Availity news center

News Center

Prior to the introduction of the electronic health record CMS (Medicare) and other health plan administrators relied upon claims data. Now the mandate of meaningful use has made clinical data available via the electronic health record. Physicians disparage the EHR because of its disruption of the clinical encounter and inefficiency in data entry. Few would deny the enormous data collection which has taken place.

As you are likely aware by now, CMS’ final rule on Emergency Preparedness Requirements for Medicare and Medicaid Providers and Suppliers went into effect on November 15, 2016 and will be implemented on November 15, 2017. This final rule establishes national emergency preparedness requirements for Medicare and Medicaid participating providers and suppliers to plan adequately for both natural and man-made disasters and coordinate with federal, state, tribal, regional, and local emergency preparedness systems.

Availity, the nation’s largest real-time health information network, announced today that it has received a significant growth equity investment led by Francisco Partners, a leading technology-focused private equity firm, with additional investment from Availity’s existing investor group.

Availity today announced its recognition as one of the Achievers 50 Most Engaged Workplaces™ in North America. The annual award, issued by Achievers, an industry leading provider of employee recognition and engagement solutions, commends top employers that display leadership and innovation in engaging their workforces.

Administrative costs make up about 15% of all healthcare expenditures—well over $300 billion annually, according to the 2016 index report from the California Association for Healthcare Quality. Outdated, manual processes and rejected claims eat up a large portion of this cost. The key to reducing administrative costs lies in refining these processes and changing with the times, according to industry leaders. Here are five strategies to consider implementing at your organization.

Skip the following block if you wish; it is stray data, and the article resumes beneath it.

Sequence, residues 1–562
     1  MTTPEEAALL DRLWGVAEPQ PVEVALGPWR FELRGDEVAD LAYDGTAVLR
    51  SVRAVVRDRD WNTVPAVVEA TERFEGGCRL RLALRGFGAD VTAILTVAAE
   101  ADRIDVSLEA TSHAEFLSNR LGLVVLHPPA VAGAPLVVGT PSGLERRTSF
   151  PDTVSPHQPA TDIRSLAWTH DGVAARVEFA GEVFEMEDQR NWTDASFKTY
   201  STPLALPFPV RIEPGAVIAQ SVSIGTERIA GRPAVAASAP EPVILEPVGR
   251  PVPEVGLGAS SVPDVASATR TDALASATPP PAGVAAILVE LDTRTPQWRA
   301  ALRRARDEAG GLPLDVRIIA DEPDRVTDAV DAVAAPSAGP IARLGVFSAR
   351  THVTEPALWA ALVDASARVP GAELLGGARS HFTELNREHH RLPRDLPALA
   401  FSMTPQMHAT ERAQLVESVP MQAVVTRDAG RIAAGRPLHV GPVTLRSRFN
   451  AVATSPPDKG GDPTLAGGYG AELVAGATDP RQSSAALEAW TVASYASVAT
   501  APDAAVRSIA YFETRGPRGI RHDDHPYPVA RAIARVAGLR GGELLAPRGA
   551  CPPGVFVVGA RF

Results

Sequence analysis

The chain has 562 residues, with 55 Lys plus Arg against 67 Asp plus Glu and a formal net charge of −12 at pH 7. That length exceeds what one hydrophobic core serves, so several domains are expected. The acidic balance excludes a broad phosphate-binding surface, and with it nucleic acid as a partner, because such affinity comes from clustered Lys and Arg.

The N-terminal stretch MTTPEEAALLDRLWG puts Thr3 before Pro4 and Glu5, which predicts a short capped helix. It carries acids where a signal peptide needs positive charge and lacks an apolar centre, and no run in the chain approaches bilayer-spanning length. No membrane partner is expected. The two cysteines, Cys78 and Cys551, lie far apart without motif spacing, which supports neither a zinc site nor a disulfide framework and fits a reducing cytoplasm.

Payers and providers have for decades stayed in their silos, leading to a more fractured and adversarial healthcare system. That relationship, however, is starting to soften for many in the industry. Payer-provider partnerships put the two groups on the same team in hopes of reducing costs and improving care and outcomes through sharing data and better communication.

Availity, LLC, the nation’s largest payer and provider engagement network, today announced it has closed a five year $200 million senior secured revolving credit facility. The facility includes an accordion feature which allows for an additional $100 million of capacity when exercised. The revolver will be largely undrawn at close.

Although collaboration between payers and providers will be critical if they are to succeed in transitioning to value-based payment models, they continue to struggle with information exchange in the current fee-for-service environment. That’s the finding of a new survey of 40 health plans and more than 400 practice- and facility-based providers, which found significant communication gaps between the stakeholder groups.

Online and multi-payer portals are viewed as promising solutions to improve communications between payers and providers while also mitigating costs, yet these tools are underutilized. While 60 percent of payers prefer the use of online portals as the primary means of communication with providers, it seems providers are less enthusiastic, as only 39 percent of practice-based providers and 40 percent of facility-based providers strongly support online portals as a primary source, according to a survey by Availity.

A survey conducted by Availity, the nation’s largest real-time health information network, found that while payers and providers want to collaborate more closely on value-based care initiatives, such partnerships remain vulnerable to poor data transparency, competing business goals, and significant administrative burdens.